In the real world I make all my conversion routines right-justified as most often the values are placed on LCD displays.  That introduces a wrinkle as the conversion routine needs to know the output width, or a post-processing step is needed to shift the itoa()-type result string.

 

 

You can put lipstick on a pig, but it is still a pig.

I've never met a pig I didn't like, as long as you have some salt and pepper.

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After talking a while, now i know it is not use the sendString.

sendChar takes a single character. sendString takes a pointer to an array of characters. You can not freely interchange those two things. If you really want to send one character at a time, then use sendChar, not sendString. But there is nothing wrong with using sendString, you just have to send it a string (properly terminated), not individual characters.

Regards,
Steve A.

The Board helps those that help themselves.

Last Edited: Tue. Mar 3, 2015 - 09:55 PM
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Koshchi wrote:

After talking a while, now i know it is not use the sendString.

sendChar takes a single character. sendString takes a pointer to an array of characters. You can not freely interchange those two things. If you really want to send one character at a time, then use sendChar, not sendString. But there is nothing wrong with using sendString, you just have to send it a string (properly terminated), not individual characters.

 

Oh... I think i understand what you are saying... Because i can't pass an argument being a char when i'm passing it to sendstring function as it will receive a pointer, so the minimum that i can pass is an array of char's with the minimum 2 bits. Like one will be the '0' or '1' and the other will be '\0', because the function will be waiting for it. In other words the minimum string allowed (one char and one null) like ('1','\0').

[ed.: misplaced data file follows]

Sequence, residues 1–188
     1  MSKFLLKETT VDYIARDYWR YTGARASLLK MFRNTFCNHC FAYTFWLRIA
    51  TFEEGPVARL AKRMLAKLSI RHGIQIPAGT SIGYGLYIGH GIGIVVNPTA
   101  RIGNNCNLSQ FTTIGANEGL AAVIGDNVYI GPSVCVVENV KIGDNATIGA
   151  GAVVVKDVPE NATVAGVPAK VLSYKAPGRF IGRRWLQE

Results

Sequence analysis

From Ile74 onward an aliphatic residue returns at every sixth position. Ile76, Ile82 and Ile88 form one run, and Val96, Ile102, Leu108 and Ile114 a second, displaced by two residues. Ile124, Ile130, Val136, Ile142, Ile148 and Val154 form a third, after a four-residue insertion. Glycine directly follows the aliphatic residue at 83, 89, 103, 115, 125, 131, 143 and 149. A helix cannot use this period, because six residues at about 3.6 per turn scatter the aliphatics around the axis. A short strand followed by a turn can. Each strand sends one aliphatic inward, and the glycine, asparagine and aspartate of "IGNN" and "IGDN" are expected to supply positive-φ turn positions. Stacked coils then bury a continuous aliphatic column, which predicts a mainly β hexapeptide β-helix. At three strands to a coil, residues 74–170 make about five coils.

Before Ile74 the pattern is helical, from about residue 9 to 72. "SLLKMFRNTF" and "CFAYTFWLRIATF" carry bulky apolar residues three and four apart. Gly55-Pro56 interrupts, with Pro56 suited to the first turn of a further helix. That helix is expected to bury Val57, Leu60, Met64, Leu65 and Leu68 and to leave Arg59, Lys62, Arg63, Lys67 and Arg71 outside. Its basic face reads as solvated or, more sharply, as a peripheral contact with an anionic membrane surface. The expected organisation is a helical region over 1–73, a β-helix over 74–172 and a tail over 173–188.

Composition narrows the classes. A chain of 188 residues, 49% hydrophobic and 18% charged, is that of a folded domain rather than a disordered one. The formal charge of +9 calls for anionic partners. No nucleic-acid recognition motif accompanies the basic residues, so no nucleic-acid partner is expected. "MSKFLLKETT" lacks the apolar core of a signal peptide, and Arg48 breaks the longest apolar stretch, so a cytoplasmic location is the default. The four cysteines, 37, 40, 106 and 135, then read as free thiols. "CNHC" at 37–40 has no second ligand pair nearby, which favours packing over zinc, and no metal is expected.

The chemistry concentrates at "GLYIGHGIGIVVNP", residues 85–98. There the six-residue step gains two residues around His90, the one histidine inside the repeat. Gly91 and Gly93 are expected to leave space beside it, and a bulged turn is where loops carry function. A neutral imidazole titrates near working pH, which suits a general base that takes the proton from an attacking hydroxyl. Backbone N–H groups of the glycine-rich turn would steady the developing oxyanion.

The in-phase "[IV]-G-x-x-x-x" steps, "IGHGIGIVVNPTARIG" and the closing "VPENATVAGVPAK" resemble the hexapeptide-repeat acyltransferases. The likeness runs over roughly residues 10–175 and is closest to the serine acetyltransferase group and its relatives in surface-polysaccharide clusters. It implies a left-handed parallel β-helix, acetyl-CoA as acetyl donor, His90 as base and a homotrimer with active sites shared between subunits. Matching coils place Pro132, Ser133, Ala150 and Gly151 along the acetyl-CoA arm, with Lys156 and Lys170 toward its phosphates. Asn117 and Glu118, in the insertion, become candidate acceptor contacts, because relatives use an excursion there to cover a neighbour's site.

I don't know if you understand what i'm trying to say but i think i understood you and i can see the error i've done.

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theusch wrote:

"I learn so much more from re-inventing the wheel."  Truly academic exercise--i.e., homework?

 

I'd be tempted, if a homework exercise, to re-invent itoa() with the radix parameter, with heavy use of % modulus.  Then the result is added to '0' character, and if over 9 then add 8 (to handle radix > 10).  An exercise for the student is to set limits on allowable radix values.

 

Use the straight-forward (but not optimal) repeated-subtraction method.  As that generally uses a powers table, I'd make it in the fly.

 

Much depends on the allowed range of the input number.  What is your max "seconds" counts?  If e.g. a whole hour then you need 12 binary digits, right?  For a whole day, you need 17.  Better make that output buffer big enough.

 

In the real world I make all my conversion routines right-justified as most often the values are placed on LCD displays.  That introduces a wrinkle as the conversion routine needs to know the output width, or a post-processing step is needed to shift the itoa()-type result string.

 

 

 

it's not re-inventing the wheel, i understand what you feel, but this is just to begin to understand a little bit more how it works, and it's for training. Learning the basics first.
And if i can do something like itoa(), or i.e a printf i can save a few kb avoiding the use of stdlib i.e and using just exactly what i need. Today is very simple, tomorrow will probably get bigger. I think (maybe i'm wrong) that if i get used to save memory will be better in a future project. I know that i don't know nothing yet, but my wish is to learn more and more. The time is the big problem :(
Anyway, thanks all for your replys

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And if i can do something like itoa(), or i.e a printf i can save a few kb avoiding the use of stdlib i.e and using just exactly what i need.

Wrong.  If you like, I can dig out threads where this topic (binary to ASCII) was thrashed out in great detail.

 

I don't think you give library writers enough credit.  itoa() implementations are probably about 100 words, give-or-take.  I'll wager your "functions" won't be smaller.

 

Yes, printf() is generally bigger.  But it needs to process many more options than the relatively degenerate "%d". 

 

And also, yes indeed many of us have our own flavours, especially for decimal display,.  As I mentioned, I usually want right-justified and leading-zero-suppressed.

 

Binary is kind of a degenerate case, as well, and can be done in a single pass over the bits.  There was just a thread on that--what use is it in the real world?  For a value of any width, the re-counting of zeroes to grasp the value is onerous.

 

 

 

 

You can put lipstick on a pig, but it is still a pig.

I've never met a pig I didn't like, as long as you have some salt and pepper.